I, like many other people, have a fear of losing my job. For us anxious employees, whether this is a rational fear or not depends on lots of factors, including our employment history. Redundancy plagues the independent school sector more than state school, and is used to downsize departments depending on pupil intake to the subject. As a non-core subject teacher, I have felt the impact of redundancies in my department and across the schools I have worked in. The thought of being made redundant or losing my job strikes fear into my heart. I have a mortgage, a family, and a 15-year plan to FIRE.
I have been job hunting recently, looking for the next step in my career. After applying for several roles (school tours, informal chats with headteachers, and long tedious application forms) I have now passed the deadline for leaving this academic year. So that’s it, too late, try again for January. The feedback each time was the same, ‘you have a strong application, but we found x number of candidates who were better qualified.’ Will a new role (more responsibility, higher salary) reduce my fear of losing my job? No, probably not. But I don’t know if I want to do 15 more September INSET days in the position I am in now.
So, if like me, you are anxious about job loss, how do we fix our fear? Well after a solid few hours of Googling this is what I have to offer you.
1. Acknowledge and accept your fear.
2020 was a mess. Jobs were lost, jobs were at risk, and it is absolutely okay to feel scared. Don’t bury your feelings, acknowledge them. Find a trusted friend, colleague or partner, and talk to them. It is reassuring to realise that we are not alone in this fear. In talking about this anxiety at work, I found that many of my colleagues feel exactly the same way. Finances are uncertain for many businesses right now, but it won’t always be this way.
2. Can you offer more to your role (without increasing your workload?)
Do you have a particular set of responsibilities in your role? Can you swap out some of your easier duties for those that might be in your specialism? What are you particularly good at? Are you being utilised in your role? Teaching is about a third of my workload. The remainder of my day is spent on administrative tasks, most of which I do every year and can do in my sleep. Ever summer term we receive an email detailing what will be added to our role from September. I’ve always just accepted these but this year I asked to meet the senior management to discuss what I could offer, in exchange for some of the new tasks that can be delegated to those in my department.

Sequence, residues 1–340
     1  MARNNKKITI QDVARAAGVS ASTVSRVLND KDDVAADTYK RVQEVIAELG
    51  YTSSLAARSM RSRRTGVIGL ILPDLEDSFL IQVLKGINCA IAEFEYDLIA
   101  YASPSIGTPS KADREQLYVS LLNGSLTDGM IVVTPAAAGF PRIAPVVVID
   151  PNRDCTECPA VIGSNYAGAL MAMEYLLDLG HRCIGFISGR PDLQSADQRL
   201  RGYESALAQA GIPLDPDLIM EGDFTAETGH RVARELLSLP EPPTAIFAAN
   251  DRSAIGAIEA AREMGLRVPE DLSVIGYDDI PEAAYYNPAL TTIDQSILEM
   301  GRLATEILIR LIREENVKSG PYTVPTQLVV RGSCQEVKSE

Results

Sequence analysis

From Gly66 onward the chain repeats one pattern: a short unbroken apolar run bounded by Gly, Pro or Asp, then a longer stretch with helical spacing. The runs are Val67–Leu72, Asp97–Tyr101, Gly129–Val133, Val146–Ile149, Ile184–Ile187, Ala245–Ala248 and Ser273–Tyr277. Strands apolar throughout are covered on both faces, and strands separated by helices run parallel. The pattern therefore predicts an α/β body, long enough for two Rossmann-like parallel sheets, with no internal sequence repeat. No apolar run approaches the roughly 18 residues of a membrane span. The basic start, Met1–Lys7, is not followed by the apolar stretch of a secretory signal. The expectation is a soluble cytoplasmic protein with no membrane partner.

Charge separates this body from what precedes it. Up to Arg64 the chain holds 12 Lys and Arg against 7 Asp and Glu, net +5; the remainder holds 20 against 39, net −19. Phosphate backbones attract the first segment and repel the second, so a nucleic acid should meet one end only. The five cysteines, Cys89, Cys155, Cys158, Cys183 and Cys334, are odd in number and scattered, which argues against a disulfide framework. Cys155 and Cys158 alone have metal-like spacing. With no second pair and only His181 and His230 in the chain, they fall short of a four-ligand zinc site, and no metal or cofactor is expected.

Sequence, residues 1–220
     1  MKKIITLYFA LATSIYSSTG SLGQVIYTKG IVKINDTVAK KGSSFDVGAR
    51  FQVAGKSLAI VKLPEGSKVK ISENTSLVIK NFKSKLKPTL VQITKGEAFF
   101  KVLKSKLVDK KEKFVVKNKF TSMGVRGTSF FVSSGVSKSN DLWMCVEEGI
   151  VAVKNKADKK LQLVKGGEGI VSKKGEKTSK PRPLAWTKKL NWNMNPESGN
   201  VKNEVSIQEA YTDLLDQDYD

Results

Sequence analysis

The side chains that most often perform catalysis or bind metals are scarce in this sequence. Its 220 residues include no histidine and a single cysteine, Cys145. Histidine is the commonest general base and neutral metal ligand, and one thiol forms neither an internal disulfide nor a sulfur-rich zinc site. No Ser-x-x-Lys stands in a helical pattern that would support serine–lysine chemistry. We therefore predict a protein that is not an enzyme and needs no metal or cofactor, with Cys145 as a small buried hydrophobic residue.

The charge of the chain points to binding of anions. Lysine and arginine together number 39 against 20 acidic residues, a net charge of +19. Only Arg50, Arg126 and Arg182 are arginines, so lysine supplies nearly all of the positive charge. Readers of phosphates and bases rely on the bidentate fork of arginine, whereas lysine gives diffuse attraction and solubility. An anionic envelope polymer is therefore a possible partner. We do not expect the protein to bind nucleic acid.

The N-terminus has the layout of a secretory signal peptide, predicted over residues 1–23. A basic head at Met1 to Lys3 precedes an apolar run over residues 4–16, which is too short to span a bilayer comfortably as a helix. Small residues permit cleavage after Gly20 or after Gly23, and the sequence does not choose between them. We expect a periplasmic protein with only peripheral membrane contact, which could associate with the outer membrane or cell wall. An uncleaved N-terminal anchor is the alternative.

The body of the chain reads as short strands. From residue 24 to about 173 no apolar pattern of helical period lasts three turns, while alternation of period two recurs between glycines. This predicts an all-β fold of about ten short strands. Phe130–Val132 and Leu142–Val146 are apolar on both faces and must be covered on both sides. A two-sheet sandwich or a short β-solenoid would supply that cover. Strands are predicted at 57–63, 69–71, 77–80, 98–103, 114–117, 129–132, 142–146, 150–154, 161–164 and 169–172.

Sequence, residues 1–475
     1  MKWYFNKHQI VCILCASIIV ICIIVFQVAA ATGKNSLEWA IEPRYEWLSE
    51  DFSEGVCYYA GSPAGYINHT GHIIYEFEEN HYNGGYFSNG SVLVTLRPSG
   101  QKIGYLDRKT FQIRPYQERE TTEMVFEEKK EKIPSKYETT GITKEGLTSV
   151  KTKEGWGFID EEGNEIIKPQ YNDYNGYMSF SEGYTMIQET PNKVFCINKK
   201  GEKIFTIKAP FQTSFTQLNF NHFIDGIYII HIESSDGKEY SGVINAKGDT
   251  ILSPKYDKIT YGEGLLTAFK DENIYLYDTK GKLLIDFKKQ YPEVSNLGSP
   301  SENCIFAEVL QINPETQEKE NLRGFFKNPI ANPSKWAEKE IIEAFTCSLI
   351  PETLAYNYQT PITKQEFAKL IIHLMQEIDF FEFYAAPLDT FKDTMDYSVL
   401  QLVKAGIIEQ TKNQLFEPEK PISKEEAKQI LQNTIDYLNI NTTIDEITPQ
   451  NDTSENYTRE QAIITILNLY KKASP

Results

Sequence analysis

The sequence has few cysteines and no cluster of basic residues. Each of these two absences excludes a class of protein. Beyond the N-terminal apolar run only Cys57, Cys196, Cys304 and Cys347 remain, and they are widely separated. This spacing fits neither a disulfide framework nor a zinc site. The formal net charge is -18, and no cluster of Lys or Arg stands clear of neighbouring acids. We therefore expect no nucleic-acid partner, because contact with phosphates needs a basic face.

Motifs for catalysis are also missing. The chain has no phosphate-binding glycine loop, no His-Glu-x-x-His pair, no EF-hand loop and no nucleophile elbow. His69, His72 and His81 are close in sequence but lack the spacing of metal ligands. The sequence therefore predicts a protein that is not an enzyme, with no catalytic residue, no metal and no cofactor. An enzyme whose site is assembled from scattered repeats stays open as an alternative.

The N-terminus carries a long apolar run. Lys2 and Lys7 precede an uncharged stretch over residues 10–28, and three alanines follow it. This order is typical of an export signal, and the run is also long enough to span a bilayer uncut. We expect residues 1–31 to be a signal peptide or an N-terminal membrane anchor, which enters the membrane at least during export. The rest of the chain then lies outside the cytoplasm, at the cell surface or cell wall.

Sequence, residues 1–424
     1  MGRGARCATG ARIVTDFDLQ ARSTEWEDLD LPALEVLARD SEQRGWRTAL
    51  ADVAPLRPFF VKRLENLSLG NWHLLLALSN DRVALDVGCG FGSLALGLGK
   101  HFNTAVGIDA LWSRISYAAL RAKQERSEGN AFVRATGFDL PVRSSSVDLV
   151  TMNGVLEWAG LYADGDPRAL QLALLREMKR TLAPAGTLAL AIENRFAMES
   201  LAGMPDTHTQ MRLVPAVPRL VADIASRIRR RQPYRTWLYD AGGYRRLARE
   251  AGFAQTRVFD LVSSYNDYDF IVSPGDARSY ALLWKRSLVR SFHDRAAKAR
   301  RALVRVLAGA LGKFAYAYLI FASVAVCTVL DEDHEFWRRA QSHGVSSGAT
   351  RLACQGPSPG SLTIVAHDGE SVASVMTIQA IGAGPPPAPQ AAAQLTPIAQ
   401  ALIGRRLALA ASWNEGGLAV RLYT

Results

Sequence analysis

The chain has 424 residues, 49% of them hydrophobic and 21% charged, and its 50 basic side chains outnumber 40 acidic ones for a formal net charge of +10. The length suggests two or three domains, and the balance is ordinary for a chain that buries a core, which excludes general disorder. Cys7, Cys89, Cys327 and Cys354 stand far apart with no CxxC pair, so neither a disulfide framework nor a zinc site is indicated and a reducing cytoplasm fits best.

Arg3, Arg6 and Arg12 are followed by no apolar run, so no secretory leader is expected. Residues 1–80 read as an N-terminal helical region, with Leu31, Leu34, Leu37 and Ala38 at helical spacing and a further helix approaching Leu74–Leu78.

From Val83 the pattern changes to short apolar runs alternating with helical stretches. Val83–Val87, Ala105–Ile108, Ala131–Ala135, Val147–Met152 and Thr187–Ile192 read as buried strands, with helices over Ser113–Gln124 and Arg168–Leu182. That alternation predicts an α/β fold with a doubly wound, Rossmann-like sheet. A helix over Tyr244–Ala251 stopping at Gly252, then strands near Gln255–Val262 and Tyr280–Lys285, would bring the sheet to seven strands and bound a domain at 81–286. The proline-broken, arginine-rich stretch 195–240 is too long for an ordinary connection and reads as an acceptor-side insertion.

3. Tick something off your to-do list every day.
Whether it is a physical or mental list, there is always a couple of tasks we put off. It takes too long, it’s boring, we all have excuses for these jobs. Try to tick one off each day. Not only will you feel more productive, but you will be actively ensuring your jobs is as complete as it can be. For me, this is appraisal target reviews. I dread this term as I have 15 meetings with already overworked colleagues (especially this year) who want nothing more than to go home early and instead have to sit through a 30-minute review of targets they didn’t get to pick themselves. However, if I try and make this a positive experience for them and me, and talk through the things they are proud of this year (like actually just getting through this year) then maybe it won’t be so bad after all.
4. Take time for yourself.
We’re all guilty of not taking time for ourselves, family, friends, and work all have their own priorities, and we tend to take a back seat. Carve out at least 15 minutes for yourself each day. Read a book, watch Netflix, journal, whatever, just focus on you. For me, I need to take my lunch break. Almost every day I work through my break. So, I’m going to go for a walk and take some time for me.
For now, I’ll keep working on my fear. If you know any other ways to reduce this fear, let me know in the comments below.
This post was written for the May Sovereign Quest challenge, more posts like this can be found here.